Responding to the Covid-19 crisis: maintaining a healthy culture
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This is the first in a series of blogs about responding to the Coronavirus pandemic. More blogs will be on the way soon...
The coronavirus pandemic is a crisis with massive human and economic impact.
Not only are we all experiencing huge uncertainty in our working lives, it is augmented by many personal worries and challenges too. And all this is happening to everyone, at the same time.
To top this off, the majority of us in financial services are working very differently, with very little notice. Never before have contemporary businesses come up against such disruption with the potential to uproot a healthy culture.
Businesses that rise to the challenge will consider culture to be one of their key business operations and will protect it as much as possible. Here’s our top three tips for making this happen:
1. Support your employees
Your people are your most important asset, so keeping your employees on side, feeling as prepared as possible and valued is essential during these turbulent times. Ask yourself whether you’re truly supporting your employees:
- Do your staff have the right tools and a safe working environment to be productive and effective in their roles – whether on site or working remotely?
- What steps are you taking to boost morale and keep standards of conduct high?
- Do you have ways to support your employees’ physical and mental health?
- Do they know what to do to protect their own personal well-being and that of those around them?
- Have you determined what level and kind of contact is just right and how it varies from individual to individual?
- Is company-wide communication consistent and valuable?
- Have you sent reminders about key policies and procedures? e.g. sickness, absence, healthcare.
Employees that feel that they’re a valuable cog in an essential and ethical business are much more likely to be productive and motivated in challenging circumstances. Engaged employees can help you maintain a positive brand image in a crisis situation. All businesses need employee loyalty now more than ever.
A clear communication strategy is a key element in allowing you to respond appropriately and confidently, considering the specific needs of the different audiences within your organisation.
Your HR teams will be busier than ever. Work with them to put in place additional measures for ensuring the health and happiness of your workforce.
2. Ensure your SMFs are taking reasonable steps
It’s in times of change and disruption where your SM&CR arrangements are really tested. Your SMFs should be taking ‘reasonable steps’ to mitigate coronavirus-related risks to your business and to ensure continued good outcomes for customers. But what are these steps?
At the moment, it’s all about being proactive. All firms, including core ones, should have a contingency plan in place to ensure key functions can still be managed if a senior manager is off sick. Identify the individuals with the right level of skill and competence, and create an appropriate handover document.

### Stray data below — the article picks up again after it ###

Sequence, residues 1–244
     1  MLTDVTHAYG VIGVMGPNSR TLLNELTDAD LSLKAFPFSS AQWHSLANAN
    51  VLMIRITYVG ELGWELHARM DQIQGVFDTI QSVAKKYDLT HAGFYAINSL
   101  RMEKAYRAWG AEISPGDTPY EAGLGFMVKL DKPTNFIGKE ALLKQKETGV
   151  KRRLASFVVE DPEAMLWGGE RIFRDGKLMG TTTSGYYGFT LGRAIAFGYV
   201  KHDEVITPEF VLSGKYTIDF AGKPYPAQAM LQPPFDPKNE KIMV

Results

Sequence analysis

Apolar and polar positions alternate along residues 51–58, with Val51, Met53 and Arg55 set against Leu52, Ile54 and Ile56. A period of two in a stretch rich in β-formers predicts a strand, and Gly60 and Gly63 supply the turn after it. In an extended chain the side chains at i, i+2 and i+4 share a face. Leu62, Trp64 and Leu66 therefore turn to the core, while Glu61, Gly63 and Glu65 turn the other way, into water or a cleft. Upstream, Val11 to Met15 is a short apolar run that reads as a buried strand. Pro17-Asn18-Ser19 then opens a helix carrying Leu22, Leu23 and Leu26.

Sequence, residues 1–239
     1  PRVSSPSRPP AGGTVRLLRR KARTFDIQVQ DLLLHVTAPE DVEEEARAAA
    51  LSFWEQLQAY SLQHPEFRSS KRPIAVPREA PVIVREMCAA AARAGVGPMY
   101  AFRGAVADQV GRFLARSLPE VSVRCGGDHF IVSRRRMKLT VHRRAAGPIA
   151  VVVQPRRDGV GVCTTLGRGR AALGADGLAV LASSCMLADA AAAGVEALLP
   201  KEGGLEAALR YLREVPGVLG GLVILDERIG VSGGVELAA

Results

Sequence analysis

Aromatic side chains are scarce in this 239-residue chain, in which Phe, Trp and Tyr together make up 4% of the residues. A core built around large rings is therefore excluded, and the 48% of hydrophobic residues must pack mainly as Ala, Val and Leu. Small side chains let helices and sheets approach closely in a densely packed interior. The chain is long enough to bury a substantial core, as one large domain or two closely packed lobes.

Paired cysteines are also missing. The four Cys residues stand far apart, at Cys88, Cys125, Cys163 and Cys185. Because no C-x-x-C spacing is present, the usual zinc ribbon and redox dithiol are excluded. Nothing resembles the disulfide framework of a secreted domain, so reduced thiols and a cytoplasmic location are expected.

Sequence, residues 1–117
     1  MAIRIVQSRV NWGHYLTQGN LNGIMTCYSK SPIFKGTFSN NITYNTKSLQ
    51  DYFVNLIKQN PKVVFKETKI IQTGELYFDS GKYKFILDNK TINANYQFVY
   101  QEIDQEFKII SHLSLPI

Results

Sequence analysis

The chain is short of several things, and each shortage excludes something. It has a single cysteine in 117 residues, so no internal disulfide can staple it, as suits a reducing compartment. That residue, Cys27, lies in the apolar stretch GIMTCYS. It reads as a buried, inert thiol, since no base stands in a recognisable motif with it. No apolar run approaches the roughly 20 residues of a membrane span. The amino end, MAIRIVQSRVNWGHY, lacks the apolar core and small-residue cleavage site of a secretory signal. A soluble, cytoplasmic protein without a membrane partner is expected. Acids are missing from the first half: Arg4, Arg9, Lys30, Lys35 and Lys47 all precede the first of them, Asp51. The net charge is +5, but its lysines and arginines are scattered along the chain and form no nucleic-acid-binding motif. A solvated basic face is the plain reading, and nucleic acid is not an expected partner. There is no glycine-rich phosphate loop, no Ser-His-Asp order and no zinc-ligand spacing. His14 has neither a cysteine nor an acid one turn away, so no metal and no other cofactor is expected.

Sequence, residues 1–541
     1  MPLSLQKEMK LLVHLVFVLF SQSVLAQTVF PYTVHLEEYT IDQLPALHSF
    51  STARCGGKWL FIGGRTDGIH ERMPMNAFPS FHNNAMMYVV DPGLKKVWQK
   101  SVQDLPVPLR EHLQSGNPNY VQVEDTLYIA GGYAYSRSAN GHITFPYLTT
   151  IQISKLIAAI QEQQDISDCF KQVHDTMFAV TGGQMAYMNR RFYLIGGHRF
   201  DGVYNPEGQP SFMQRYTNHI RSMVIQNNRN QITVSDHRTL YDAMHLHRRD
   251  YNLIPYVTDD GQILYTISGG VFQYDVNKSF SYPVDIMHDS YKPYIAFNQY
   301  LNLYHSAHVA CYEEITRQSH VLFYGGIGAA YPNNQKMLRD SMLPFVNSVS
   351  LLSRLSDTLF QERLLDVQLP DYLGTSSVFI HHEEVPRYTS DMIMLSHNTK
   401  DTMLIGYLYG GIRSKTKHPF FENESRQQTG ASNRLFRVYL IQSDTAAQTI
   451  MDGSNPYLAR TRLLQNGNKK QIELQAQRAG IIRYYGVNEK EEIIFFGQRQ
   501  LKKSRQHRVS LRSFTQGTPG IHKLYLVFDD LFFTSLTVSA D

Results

Senior management should also have a firm handle on cultural change and how it’s impacting customers. Nipping issues in the bud early will save you from even more problems when we eventually re-emerge from the fog.
3. Really think about your customers
Your customers are the backbone of your commercial success. They’ll remember how you treated them during this challenging time, so maintaining good outcomes for them is key to your long-term sustainability. You should be considering:
- Are you communicating effectively with your customers and giving the right kind, and level, of support?
- Are your customer service teams trained to deal with the different kinds of circumstances arising as a result of this crisis?
- When making business decisions at board level are you considering the impact on customers?
- Are your operations resilient enough to ensure essential services remain accessible to your customers?
- Are you prepared to manage a likely increase in the volume of customer contact and possible complaints?
It’s probable you’ll need to scale up resource in customer contact and communication areas, with additional relevant training to make sure they are having the right impact. It would also be sensible to commit resources to focus on operational resilience – focusing on testing, breaking and strengthening.
While we’re yet to see the full impact of coronavirus, you also need to bear in mind that there’s likely to be an increase in customer vulnerability as a result. We’d highly recommend proactively reviewing your approach to managing customers, and the solutions offered to them, to make sure you continue to treat them fairly.
At the core of everything is effective communication and as much forward planning as possible. Many of you will feel you’re on the back foot and having to patch up your operations rather than being able to roll out a properly rehearsed plan. That’s where we can help you. We’ll test your approaches and give you recommendations on how to fix things fast, while at the same time strengthening your operations for the future.
Businesses that rise to the challenge will consider culture to be one of their key business operations and will protect it as much as possible”
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